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online situation in Kiev


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#1 sly-uncle

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Posted 19 January 2014 - 03:41 PM



#2 Pete Swede

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Posted 20 January 2014 - 10:58 AM

Background



Latest news January 19 2014


#3 Pete Swede

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Posted 25 January 2014 - 06:38 PM

January 24


#4 dneprlover

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Posted 26 January 2014 - 02:22 PM

Why do they want to join the EU when some of the more established countries are not happy or want out?

It aint the gravy train they think it is.

#5 Russ Noe

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Posted 27 January 2014 - 02:19 AM

View Postdneprlover, on 26 January 2014 - 02:22 PM, said:

Why do they want to join the EU when some of the more established countries are not happy or want out?

It aint the gravy train they think it is.

The EU must be a better bet for them than a continued close alliance with Russia.
Tough times for our Friends in the Ukraine.
~RN

#6 Bilge Keel Dave

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Posted 27 January 2014 - 02:21 AM

It's not about a "gravy train" it's about complete independence from Russia.

Dave
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#7 harleych

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Posted 11 February 2014 - 08:35 AM





https://www.youtube....h?v=Vf3oPlr2W20

#8 Alecu

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Posted 12 February 2014 - 08:53 AM

View Postdneprlover, on 26 January 2014 - 02:22 PM, said:

Why do they want to join the EU when some of the more established countries are not happy or want out?

It aint the gravy train they think it is.

View PostRuss Noe, on 27 January 2014 - 02:19 AM, said:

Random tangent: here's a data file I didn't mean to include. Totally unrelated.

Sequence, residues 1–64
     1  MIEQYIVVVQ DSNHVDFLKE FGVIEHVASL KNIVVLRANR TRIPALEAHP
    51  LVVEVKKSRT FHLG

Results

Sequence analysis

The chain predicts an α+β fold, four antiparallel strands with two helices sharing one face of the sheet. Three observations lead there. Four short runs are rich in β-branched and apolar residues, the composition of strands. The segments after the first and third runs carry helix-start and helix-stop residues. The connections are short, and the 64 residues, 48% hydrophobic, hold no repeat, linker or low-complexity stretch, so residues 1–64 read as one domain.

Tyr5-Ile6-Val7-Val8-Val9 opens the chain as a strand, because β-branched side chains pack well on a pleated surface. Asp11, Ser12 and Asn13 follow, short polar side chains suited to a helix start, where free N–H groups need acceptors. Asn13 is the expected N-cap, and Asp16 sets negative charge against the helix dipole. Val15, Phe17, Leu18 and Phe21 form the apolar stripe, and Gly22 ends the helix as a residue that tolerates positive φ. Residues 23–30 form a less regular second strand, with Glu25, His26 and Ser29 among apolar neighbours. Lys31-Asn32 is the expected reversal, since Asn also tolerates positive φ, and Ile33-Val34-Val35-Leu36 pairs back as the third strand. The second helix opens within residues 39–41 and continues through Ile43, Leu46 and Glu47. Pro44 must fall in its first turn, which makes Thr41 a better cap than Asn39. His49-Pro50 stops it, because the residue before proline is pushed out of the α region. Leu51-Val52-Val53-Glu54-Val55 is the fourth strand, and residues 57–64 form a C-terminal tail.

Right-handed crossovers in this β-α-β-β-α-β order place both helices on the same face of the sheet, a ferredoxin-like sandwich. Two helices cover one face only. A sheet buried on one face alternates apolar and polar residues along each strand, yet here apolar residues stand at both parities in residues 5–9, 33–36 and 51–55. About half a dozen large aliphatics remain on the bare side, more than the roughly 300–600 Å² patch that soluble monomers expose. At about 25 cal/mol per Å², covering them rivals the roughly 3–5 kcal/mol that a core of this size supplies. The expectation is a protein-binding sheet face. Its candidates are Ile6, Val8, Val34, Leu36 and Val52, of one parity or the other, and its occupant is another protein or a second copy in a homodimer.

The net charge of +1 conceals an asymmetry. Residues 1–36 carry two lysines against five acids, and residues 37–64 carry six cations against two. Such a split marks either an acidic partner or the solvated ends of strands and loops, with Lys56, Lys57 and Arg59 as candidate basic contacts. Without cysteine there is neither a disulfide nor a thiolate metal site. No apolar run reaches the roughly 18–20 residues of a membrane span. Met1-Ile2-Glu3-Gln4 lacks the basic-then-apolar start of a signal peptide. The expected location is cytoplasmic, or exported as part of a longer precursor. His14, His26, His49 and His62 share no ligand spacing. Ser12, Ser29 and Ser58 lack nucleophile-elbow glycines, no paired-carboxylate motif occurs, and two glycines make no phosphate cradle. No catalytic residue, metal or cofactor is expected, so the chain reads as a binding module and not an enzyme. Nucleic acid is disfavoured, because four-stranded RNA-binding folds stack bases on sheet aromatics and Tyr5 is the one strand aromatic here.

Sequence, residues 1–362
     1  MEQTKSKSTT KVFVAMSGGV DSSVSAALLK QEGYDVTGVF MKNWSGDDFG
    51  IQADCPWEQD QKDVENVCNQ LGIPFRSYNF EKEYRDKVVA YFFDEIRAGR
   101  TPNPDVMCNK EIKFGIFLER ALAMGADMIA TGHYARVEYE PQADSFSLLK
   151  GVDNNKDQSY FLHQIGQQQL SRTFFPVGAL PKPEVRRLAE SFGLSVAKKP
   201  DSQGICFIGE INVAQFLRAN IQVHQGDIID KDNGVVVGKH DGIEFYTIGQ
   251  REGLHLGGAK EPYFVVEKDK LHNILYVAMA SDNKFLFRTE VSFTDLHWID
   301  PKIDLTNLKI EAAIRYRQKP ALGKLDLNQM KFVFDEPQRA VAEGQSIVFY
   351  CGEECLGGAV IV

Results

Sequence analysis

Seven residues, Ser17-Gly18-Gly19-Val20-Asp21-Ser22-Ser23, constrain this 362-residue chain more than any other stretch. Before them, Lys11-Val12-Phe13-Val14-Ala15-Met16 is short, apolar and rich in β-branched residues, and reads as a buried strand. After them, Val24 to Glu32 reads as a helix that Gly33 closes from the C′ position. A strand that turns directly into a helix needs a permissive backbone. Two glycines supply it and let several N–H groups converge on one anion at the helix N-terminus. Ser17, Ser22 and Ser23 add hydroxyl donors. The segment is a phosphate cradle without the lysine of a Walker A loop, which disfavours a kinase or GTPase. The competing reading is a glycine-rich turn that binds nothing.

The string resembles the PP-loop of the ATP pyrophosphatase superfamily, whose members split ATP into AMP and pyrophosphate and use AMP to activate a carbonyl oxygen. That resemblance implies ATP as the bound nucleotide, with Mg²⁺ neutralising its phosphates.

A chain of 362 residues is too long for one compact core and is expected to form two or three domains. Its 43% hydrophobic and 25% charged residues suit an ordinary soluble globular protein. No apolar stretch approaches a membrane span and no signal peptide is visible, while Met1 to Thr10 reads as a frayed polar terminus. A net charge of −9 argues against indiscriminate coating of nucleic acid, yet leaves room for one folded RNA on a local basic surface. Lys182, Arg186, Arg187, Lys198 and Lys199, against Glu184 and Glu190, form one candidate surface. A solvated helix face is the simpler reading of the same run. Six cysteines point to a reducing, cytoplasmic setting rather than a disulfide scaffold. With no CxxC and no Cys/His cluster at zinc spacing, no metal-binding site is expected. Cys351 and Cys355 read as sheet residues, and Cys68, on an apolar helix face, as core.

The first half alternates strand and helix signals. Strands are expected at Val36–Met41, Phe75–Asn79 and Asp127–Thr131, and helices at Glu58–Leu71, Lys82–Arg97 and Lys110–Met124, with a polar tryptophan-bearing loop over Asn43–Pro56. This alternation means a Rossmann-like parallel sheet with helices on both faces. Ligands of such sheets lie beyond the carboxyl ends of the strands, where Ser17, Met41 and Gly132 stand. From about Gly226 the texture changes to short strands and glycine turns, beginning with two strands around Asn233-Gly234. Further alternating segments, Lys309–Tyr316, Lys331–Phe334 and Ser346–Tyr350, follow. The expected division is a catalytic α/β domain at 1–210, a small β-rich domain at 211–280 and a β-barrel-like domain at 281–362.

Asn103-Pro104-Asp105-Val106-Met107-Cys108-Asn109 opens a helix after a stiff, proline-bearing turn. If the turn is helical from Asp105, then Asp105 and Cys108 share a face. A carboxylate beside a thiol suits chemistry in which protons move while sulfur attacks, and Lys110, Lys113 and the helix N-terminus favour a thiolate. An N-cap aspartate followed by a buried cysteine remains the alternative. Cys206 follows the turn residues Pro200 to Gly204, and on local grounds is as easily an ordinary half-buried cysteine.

View Postdneprlover, on 26 January 2014 - 02:22 PM, said:

Why do they want to join the EU when some of the more established countries are not happy or want out?

It aint the gravy train they think it is.

The EU must be a better bet for them than a continued close alliance with Russia.
Tough times for our Friends in the Ukraine.
~RN
That's at the cummon people level, at the top there's a battle for which group of rich guys gets the Ukrainian soil resources, who gets to frack, replace corn with lilly flower, plant fields of propellor generators, mine the gold, the iron, the uranium, take monopol on railway, electric plants, gas suppliers- all the infrastructure, demolish the free medical sistem and instead fund private hospitals from state money, the amount of IMF and EU bank loans- which has to be bigger each time....give pennies to the state and cut cots on enviroment issues. Check out Rosia Montana, that's part of EU.
That's my EU Romanian experience and I guess the Eastern version is nut much worse just other masters..and no it's not the same everywhere, not when the average sallary is $500.

BTW, Ukraine's capital city is said to be magnificent , Kiev. And it's been there since 482 a.d.
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#9 harleych